In this portion, Bilhah, maid to Rachel, bears Dan and Naphtali, while Zilpah, maid to Leah, bears Gad and Asher. As when Sarah arranged for Abraham to father a child with her maid Hagar (Genesis/Breishit 16:2), the product of such a union was considered a child of the master-woman/wife rather than of the maid who conceived, carried, bore and nursed the baby.

In recent decades, Sarah, Rebecca, Rachel and Leah have been added, in a number of non-Orthodox prayerbooks, to the first blessing of the Amidah — the central prayer of the Jewish liturgy — after Abraham, Isaac and Jacob. Bilhah and Zilpah did not join the list of “Matriarchs,” however, in the official prayerooks of the Conservative, Reform or Reconstructionist movements.

Jews continue to question the place of Bilhah and Zilpah in this list. Not including them gives “tacit approval to the idea that woman is property,” goes one argument. Recognizing these women as Matriachs, according to others, would do honor to the many couples — including gays and lesbians — for whom full-status marriage has not been an option. On the other hand, it is argued that it is inappropriate to include women who were not active partners with in the covenant and prophets in their own right in “the ancestors” blessing of the Amidah.

Here, for example, is question and response on this topic from the CCAR (Central Conference of American Rabbis) as the Union for Reform Judaism was preparing its relatively new (2007) Mishkan T’fillah prayerbook. Similar issues were discussed as the Reform movement in the United Kingdom prepared its new (2008) Seder Ha-T’fillot prayerbook.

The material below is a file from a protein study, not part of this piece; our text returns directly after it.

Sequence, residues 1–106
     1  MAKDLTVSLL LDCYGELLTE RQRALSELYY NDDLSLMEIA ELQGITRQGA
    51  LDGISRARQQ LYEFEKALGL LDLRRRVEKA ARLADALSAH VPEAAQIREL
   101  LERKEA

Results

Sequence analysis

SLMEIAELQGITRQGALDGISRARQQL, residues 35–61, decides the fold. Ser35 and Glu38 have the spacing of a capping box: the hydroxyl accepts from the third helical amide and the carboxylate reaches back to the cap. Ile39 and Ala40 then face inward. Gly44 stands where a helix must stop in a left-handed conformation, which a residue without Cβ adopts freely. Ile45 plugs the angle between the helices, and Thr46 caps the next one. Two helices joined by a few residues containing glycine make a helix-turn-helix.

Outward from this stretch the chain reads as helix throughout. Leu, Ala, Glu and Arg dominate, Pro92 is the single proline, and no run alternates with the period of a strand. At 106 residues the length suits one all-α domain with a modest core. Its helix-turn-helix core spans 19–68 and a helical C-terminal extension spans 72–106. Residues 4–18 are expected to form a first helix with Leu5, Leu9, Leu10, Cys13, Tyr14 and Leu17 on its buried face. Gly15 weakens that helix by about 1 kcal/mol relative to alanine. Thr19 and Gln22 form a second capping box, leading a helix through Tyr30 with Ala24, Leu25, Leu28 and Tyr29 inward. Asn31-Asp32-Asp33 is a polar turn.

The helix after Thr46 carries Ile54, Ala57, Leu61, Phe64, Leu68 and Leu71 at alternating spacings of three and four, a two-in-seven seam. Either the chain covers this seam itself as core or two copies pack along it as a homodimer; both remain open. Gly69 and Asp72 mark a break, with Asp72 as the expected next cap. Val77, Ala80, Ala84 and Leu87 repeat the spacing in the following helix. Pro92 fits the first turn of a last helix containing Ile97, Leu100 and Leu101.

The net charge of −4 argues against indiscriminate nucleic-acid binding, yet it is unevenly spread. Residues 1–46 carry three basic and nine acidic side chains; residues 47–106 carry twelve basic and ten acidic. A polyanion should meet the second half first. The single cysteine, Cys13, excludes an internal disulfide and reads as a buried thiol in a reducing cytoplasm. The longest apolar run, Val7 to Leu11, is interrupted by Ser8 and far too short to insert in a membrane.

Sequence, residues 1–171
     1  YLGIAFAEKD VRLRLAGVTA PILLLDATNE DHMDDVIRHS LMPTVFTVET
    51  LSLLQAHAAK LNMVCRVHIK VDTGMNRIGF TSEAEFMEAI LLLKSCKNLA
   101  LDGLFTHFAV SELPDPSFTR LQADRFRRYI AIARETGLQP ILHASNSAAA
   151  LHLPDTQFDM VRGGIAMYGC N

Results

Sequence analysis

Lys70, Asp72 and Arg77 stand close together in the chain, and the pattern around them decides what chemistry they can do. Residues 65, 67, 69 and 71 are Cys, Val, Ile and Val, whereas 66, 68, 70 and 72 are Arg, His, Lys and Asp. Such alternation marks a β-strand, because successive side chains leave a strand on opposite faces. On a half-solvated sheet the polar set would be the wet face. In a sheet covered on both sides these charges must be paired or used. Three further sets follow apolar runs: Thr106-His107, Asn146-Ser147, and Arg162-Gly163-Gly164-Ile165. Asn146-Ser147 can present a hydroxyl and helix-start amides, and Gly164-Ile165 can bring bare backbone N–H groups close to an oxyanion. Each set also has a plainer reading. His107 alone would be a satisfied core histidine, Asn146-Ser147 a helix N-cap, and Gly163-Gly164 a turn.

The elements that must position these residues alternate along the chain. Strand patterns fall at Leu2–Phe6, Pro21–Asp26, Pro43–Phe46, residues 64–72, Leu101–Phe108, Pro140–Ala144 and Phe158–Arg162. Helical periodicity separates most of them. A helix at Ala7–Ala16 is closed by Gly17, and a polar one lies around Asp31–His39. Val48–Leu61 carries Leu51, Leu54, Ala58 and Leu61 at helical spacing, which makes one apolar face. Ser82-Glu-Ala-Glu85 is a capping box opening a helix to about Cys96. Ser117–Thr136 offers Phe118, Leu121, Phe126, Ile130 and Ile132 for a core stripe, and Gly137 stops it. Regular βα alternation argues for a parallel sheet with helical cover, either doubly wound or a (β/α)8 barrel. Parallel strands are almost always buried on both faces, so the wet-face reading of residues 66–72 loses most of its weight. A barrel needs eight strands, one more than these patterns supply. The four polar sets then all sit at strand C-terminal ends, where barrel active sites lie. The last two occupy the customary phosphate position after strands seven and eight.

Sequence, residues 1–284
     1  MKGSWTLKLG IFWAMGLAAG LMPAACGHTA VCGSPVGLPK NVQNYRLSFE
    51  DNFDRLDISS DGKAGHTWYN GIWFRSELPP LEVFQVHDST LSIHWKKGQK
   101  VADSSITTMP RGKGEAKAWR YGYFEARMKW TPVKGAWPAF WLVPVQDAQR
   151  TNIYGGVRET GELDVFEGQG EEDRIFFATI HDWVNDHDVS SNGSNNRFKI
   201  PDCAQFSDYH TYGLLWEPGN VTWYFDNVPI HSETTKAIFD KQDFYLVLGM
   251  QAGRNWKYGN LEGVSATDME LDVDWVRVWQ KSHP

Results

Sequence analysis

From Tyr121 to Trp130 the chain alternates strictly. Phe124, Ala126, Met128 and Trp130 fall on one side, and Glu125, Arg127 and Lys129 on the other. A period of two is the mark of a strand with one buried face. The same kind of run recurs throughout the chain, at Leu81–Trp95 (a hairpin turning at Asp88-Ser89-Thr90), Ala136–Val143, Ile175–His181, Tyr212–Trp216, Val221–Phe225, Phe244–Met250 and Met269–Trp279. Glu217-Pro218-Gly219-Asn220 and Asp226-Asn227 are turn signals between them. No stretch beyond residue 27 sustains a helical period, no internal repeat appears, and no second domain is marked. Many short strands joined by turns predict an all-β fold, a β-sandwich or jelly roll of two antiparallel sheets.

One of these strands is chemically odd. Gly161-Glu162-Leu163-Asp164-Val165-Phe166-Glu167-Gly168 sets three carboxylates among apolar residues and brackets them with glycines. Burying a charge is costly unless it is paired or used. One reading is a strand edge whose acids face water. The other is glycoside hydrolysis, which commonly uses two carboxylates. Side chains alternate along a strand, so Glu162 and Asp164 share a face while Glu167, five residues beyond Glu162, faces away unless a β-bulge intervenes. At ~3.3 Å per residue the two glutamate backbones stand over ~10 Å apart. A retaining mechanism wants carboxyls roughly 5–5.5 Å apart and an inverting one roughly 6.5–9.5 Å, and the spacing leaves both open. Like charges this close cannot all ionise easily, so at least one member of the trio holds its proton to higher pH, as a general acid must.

Mishkan T’fillah was eventually published without Bilhah and Zilpah; I believe this is also the case with Seder Ha-T’fillot, but I have not seen the latter myself. On the other hand, Siddur B’chol L’vav’cha, which arrived earlier this year, does include these mothers (congregational and ordering information). Siddur Sha’ar Zahav also provides more alternatives for the Amidah “ancestors” blessing. (congregational and ordering information).

The Jewish Women’s Archive includes an article on the maids’ place in Jewish prayer.

For more on “innovation” in recently published prayerbooks, see “When the Ground Breaks” and “Groundbreaking Part 2” here.

See Source Materials for full siddur citations.

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Click on the “WeeklyTorah” tag for more resources on the weekly portion throughout the year, or on a portion name for parashah-specific notes. (The series began with Numbers; posts for Genesis, Exodus and Leviticus are being drafted, week-by-week.) You can also zero-in on particular types of “Opening the Book” posts by clicking Language and Translation, Something to Notice, a Path to Follow, or Great Source in the tag cloud.

The “Opening the Book” series is presented in cooperation with the independent, cross-community Jewish Study Center and with Kol Isha, an open group pursuing spirituality from a woman’s perspective at Temple Micah (Reform). “A Song Every Day” is an independent blog, however, and all views, mistakes, etc. are the author’s.
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Posted by vspatz

Virginia blogs on Jewish topics at "A Song Every Day" and manages the Education Town Hall and #WeLuvBooks sites. More at Vspatz.wordpress.com

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